China research team smashes quantum cryptography record

7 Nov 2016

Lock surrounded by chains. Image: Ruslan Grumble/Shutterstock

A team of researchers from China – with assistance from a lab in the US – has smashed the current quantum cryptography record, by sending a message across a distance of 404km that is impossible to eavesdrop on.

While still in its infancy in comparison with other encryption technologies, an internet based on quantum cryptography – that uses the unusual science of quantum entanglement – would allow two parties to send messages to one another without any possibility of being eavesdropped on.

In its current state, however, the ability to achieve quantum cryptography over global distances has been challenged, with claims that it is simply not feasible in quantum key distribution (QKD) systems.

Doubling previous record

QKD systems are based on a form of cryptography referred to as one-time pad (OTP) that ensures a mathematically unbreakable encryption, permitting that one or both of the keys on either end are not compromised themselves.

Yet now, according to, a team of researchers led by the University of Science and Technology of China has smashed a previous quantum cryptography record, offering hope for bringing the technology into the real world.

Having teamed up with other Chinese research labs and a lab in the US, the team revealed that using its protocol, dubbed measurement-device-independent quantum key distribution (MDIQKD), it sent a secure message over a distance of 404km.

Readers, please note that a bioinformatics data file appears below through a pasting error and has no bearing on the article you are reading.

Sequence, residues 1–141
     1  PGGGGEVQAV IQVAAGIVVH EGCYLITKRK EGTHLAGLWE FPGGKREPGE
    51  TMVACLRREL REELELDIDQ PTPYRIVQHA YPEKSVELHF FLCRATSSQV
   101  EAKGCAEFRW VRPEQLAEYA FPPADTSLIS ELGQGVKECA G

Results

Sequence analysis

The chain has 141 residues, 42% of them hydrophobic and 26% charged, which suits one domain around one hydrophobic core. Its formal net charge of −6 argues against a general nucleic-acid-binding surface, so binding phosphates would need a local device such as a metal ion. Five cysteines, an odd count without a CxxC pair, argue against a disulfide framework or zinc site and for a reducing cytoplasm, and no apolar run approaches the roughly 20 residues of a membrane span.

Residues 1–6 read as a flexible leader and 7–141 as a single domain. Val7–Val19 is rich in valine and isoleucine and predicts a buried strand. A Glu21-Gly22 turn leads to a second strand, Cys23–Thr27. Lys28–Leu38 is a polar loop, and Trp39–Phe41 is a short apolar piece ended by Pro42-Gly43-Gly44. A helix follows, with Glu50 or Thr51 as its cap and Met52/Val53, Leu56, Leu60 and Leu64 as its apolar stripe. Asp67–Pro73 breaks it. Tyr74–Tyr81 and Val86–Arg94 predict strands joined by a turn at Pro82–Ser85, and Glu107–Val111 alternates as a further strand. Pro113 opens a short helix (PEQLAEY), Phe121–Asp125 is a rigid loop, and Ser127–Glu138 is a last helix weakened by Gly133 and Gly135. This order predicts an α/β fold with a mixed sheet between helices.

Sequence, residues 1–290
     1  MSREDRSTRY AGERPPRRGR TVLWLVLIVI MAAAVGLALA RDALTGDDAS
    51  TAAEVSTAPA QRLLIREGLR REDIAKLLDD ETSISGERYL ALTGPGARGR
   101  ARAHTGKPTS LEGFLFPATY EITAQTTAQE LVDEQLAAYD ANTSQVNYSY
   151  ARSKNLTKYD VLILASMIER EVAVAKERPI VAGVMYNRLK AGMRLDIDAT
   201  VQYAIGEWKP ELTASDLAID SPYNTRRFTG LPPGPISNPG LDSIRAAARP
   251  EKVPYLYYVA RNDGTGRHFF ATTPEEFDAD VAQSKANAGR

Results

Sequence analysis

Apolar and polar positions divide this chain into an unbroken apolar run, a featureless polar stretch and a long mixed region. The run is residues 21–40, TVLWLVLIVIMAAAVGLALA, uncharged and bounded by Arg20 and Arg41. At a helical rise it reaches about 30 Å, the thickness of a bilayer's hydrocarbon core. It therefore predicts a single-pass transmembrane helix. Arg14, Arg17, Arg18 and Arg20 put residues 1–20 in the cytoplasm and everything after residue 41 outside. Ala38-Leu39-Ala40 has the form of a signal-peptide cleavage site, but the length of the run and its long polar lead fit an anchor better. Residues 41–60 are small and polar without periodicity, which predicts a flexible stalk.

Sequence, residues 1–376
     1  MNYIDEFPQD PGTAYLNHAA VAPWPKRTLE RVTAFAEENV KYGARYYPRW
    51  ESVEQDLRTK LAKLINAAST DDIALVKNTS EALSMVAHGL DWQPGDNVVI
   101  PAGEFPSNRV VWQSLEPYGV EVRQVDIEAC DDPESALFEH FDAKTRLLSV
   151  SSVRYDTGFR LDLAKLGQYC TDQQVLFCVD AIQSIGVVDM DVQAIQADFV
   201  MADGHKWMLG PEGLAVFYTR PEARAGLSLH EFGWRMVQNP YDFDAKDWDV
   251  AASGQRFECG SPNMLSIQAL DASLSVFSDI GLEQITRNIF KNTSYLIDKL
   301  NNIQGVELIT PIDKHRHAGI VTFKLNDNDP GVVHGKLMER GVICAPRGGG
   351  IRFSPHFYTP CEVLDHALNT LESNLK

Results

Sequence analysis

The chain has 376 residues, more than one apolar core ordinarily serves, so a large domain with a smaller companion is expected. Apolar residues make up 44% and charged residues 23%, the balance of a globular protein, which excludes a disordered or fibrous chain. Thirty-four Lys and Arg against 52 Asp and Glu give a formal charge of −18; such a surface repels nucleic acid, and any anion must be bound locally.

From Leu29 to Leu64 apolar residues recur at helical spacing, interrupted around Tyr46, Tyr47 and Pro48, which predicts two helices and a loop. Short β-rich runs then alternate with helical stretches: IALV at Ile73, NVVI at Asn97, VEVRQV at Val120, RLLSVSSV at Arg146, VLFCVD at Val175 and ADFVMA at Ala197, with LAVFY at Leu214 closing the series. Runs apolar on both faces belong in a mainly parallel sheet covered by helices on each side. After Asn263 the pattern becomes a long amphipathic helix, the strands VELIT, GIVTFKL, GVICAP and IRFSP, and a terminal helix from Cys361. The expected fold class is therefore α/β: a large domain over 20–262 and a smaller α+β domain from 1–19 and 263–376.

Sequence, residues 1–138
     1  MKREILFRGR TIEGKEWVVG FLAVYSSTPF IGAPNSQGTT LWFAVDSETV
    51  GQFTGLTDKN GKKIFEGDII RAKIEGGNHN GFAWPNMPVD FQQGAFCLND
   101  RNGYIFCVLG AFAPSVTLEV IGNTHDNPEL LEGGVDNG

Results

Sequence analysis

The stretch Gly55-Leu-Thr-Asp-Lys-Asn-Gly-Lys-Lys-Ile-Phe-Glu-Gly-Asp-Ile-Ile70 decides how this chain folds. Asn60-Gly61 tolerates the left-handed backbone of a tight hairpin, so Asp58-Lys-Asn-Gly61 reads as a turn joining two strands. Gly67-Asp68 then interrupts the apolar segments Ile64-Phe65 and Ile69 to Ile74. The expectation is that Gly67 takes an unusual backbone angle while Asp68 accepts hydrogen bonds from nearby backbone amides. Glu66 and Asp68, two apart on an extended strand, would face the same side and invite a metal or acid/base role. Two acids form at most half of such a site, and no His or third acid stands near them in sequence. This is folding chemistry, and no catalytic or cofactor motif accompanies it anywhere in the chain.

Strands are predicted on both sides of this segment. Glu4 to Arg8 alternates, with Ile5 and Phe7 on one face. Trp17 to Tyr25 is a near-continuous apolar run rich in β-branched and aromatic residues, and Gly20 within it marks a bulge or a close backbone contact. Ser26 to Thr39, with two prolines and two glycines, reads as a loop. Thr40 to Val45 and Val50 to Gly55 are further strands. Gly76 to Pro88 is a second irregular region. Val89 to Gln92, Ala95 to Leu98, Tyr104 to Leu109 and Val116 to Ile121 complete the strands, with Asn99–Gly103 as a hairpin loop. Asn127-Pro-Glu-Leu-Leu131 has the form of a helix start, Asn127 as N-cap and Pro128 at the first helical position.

By doubling the previous record, the team’s findings published in Physical Review Letters suggests that an internet protected by quantum cryptography is now a real possibility in the years to come.

500-fold increase in speed

Four years in the making, MDIQKD broke the distance record by sending infrared photons across lengths of optical fibres, just shy of the distance between Cork and Belfast.

What makes it particularly capable as a secure method of communication is that it can use ‘decoy’ photons during the transmission process to detect when eavesdropping on a third party occurs.

Another major breakthrough achieved by the research team was with its speed, as it noted a 500-fold increase compared with past methods.

One previous quantum cryptography method was only able to achieve a data transfer speed of 0.018bps across a distance of 200km, but this recent attempt achieved a speed of 1.38kbps at the 102km mark.

China seeking solace in quantum

This speed would be significant enough to allow a phone conversation completely secured by quantum cryptography.

Last September, a team from the University of Calgary in Canada and researchers in the US made a breakthrough in teleporting a light particle across a distance of 6km. This was part of research into the development of quantum internet and by proxy, quantum encryption.

Fearing the influence of external superpowers on accessing state secrets and the information of its citizens, China has been investing heavily in quantum encryption technology. This was most recently seen in the launch of a test bed ‘hack-proof’ quantum satellite last August.

Colm Gorey was a senior journalist with Silicon Republic